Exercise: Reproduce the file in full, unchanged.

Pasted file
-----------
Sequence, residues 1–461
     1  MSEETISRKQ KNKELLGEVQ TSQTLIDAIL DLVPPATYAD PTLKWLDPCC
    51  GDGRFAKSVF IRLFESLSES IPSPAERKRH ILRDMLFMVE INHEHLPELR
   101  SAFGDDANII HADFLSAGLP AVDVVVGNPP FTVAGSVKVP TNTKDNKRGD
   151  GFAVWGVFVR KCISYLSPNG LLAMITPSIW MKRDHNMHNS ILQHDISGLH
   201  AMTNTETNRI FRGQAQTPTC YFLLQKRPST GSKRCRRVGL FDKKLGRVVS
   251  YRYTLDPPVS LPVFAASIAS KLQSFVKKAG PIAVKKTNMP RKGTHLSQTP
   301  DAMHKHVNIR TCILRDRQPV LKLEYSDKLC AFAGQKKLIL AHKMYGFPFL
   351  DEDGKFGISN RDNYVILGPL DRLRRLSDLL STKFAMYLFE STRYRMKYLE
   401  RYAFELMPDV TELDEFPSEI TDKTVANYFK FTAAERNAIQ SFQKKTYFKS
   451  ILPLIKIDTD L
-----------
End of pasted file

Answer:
Sequence, residues 1–461
     1  MSEETISRKQ KNKELLGEVQ TSQTLIDAIL DLVPPATYAD PTLKWLDPCC
    51  GDGRFAKSVF IRLFESLSES IPSPAERKRH ILRDMLFMVE INHEHLPELR
   101  SAFGDDANII HADFLSAGLP AVDVVVGNPP FTVAGSVKVP TNTKDNKRGD
   151  GFAVWGVFVR KCISYLSPNG LLAMITPSIW MKRDHNMHNS ILQHDISGLH
   201  AMTNTETNRI FRGQAQTPTC YFLLQKRPST GSKRCRRVGL FDKKLGRVVS
   251  YRYTLDPPVS LPVFAASIAS KLQSFVKKAG PIAVKKTNMP RKGTHLSQTP
   301  DAMHKHVNIR TCILRDRQPV LKLEYSDKLC AFAGQKKLIL AHKMYGFPFL
   351  DEDGKFGISN RDNYVILGPL DRLRRLSDLL STKFAMYLFE STRYRMKYLE
   401  RYAFELMPDV TELDEFPSEI TDKTVANYFK FTAAERNAIQ SFQKKTYFKS
   451  ILPLIKIDTD L